The “supreme ultimate” [“Taiji”] creates yang and yin: movement generates yang; when its activity reaches its limit, it becomes tranquil. Through tranquility the supreme ultimate generates yin. When tranquility has reached its limit, there is a return to movement. Movement and tranquility, in alternation, become each the source of the other…” Lao Tzu Tao Teh Ching Translated by John C.H. Wu

In these works, Jiang achieves inclines to peaks and declivities to voids through technically impressive work (most remarkably he employs only oils on canvas in these two pieces), as if sculpting three-dimensional planes in painting while subtlety of gradation again implies innumerable possibilities spatially and temporally. By contrast to the notion of Taiji exists the “space-time”between Yin and Yang, Wuji, which translates to without limitlessness or without ultimacy. Jiang explores this concept in his 2006 oil on canvas work Without Ultimacy – Wuji, through the depiction of a three dimensional, enclosed space, yet still retaining the same layering and fluidity of technique found in the above-mentioned works, thus suggestive of a greater spectrum in reference to Taiji.

Aesthetic Possibilities of Chinese Philosophical Thought

Beyond visual manifestations, Jiang Shan Chun is most interested in the aesthetic possibilities of Ancient Chinese philosophical thought and fully immersing the viewer in that action, or rather suspended action in his exploration of time. In his still life works, such as I used to travel a different path, Midday Quietude or Afternoon Light Filtering Through, once useful but now discarded objects, such as a pair of well-worn boots, a fissured chair or a half-full cup of tea, leave the viewer catching a moment of something just happened or about to happen or simply appreciating a moment of quietude between actions. This even applies to scenes of great potential flurry – a child’s playroom in Time Wings its Way, play-sparring in Youthful Battles and a working kitchen in Xinjiang Scene. Jiang’s intention, and subsequent aesthetic effect, is a sense of wu wei, without effort, or wu wei wu, effortless action or diminished will, as espoused in Zhuangzi and Taoism. The aim of wu wei, as prescribed by Taoism, is to achieve a state of perfect equilibrium; similarly, the effect Jiang achieves throughout his work is a supreme sense of serenity. Having spent some time contemplating Jiang’s nature-scapes, such as The Baron Seed, Shadow of Bamboo Story and Play of Light I can attest to the deep sense of calm that washes over the viewer from these works. Likewise, the very act of unfurling his scroll works is at once poetic and peaceful. Even in Jiang’s figurative works, such as My Son, Portrait of An Artist and Portrait of My Wife a non-referential quality that speaks most directly to the emotions is evoked by his unusual mix of oil with tempera; whilst creating layers of texture, the latter evokes fluidity through its consistency, having the effect of skewing time. In Jiang’s words, in his portraits “I seek distance from reality through distance from time – aligned with the Tao where time does not exist”. He also achieves this impression through alignment of the human figures in his works with perennial elements of nature, such as This Life Still Allows Beauty, depicting the ‘everyman’ in China alongside delicately-rendered flora and in I am here, imagining there, presenting the imagery of a butterfly to the old man’s dreams and hopes of another time and place. In the 2010 oil on canvas Time, depicting Jiang’s fellow artist and family friend, also from Inner Mongolia, Song Kun with her husband on receiving the news that she was expecting their first child. Jiang sought to depict the scale of the life journey their news brought through depiction of the pair gazing into the horizon of a vast natural landscape, with backs turned to emphasize the personal quality of the moment. In Live for the Moment Jiang wanted to present the Chinese reading of Carpe Diem. It shows the bon vivant side to Chinese life through their passion for food as a symbol of life and vitality; and, also a personal side as Jiang imprints to the bottom middle of the canvas an image of himself as a mnemonic of this dictum. The tenor of an individual’s privately owned space is also strongly resonant in Transcendence of Imagination and Reflection on the Hope of Time. The latter work appertains to Jiang Shan Chun’s forthcoming 2013 exhibition of his Peace series inspired by his discovery of an old set of family photographs from the period of the founding of the People’s Republic of China.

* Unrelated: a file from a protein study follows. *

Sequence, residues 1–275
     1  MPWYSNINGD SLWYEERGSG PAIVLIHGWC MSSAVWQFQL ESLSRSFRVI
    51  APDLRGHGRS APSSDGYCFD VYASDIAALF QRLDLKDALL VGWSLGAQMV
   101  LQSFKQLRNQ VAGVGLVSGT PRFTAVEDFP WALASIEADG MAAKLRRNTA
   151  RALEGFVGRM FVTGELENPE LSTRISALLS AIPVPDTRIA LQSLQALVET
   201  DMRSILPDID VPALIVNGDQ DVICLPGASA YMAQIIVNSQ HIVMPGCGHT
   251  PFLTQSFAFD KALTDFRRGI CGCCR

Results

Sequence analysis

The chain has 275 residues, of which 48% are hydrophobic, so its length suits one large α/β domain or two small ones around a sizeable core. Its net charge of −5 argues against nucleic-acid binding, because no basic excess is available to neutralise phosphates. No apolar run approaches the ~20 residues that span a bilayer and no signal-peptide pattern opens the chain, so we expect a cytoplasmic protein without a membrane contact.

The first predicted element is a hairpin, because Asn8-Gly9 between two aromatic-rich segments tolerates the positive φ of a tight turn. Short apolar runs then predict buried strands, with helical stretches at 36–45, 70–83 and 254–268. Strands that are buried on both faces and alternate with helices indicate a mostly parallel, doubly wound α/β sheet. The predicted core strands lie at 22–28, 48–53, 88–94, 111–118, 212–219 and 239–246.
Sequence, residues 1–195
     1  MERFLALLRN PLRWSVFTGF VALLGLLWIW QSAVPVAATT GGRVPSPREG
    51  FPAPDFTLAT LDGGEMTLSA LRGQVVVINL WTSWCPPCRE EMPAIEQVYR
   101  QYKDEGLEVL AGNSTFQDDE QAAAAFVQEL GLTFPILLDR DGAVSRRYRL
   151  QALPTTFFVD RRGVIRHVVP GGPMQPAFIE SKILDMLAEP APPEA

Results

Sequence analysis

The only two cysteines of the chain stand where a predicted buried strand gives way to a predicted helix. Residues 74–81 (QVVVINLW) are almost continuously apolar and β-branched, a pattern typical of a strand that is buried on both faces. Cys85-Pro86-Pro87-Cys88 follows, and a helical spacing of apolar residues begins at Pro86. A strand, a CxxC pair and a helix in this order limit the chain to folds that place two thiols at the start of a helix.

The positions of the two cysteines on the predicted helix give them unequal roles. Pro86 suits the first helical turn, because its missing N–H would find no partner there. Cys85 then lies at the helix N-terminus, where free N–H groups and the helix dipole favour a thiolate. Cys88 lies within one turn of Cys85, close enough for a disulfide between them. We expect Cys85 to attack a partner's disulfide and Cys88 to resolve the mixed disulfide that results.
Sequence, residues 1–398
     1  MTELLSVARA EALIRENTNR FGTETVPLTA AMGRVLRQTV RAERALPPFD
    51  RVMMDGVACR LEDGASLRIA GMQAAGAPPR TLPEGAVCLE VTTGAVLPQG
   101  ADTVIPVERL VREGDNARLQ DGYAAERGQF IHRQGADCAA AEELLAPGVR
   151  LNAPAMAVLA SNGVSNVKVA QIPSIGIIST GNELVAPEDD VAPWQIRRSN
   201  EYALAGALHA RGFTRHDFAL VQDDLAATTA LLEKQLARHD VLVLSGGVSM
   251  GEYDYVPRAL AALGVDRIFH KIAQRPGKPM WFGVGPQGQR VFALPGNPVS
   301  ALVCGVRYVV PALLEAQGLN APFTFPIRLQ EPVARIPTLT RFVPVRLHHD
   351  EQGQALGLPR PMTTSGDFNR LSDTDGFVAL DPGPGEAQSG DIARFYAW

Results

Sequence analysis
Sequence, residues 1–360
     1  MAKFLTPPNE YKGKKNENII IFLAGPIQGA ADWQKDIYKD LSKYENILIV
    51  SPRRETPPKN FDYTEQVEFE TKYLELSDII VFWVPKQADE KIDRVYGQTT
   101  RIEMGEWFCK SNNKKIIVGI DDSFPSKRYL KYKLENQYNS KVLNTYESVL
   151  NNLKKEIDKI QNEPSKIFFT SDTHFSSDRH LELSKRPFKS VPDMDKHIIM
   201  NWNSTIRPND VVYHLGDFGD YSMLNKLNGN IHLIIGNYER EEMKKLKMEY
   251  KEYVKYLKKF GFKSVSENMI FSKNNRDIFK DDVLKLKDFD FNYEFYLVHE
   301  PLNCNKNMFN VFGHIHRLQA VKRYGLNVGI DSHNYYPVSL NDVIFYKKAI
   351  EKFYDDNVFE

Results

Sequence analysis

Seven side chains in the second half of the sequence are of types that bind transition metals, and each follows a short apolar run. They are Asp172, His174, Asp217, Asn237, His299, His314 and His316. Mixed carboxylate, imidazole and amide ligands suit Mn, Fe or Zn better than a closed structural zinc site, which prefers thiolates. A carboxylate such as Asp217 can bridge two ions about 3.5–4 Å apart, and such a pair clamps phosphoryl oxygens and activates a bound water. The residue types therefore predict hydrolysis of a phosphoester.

– E. S. de W. P.

Please click to download the exhibition catalogue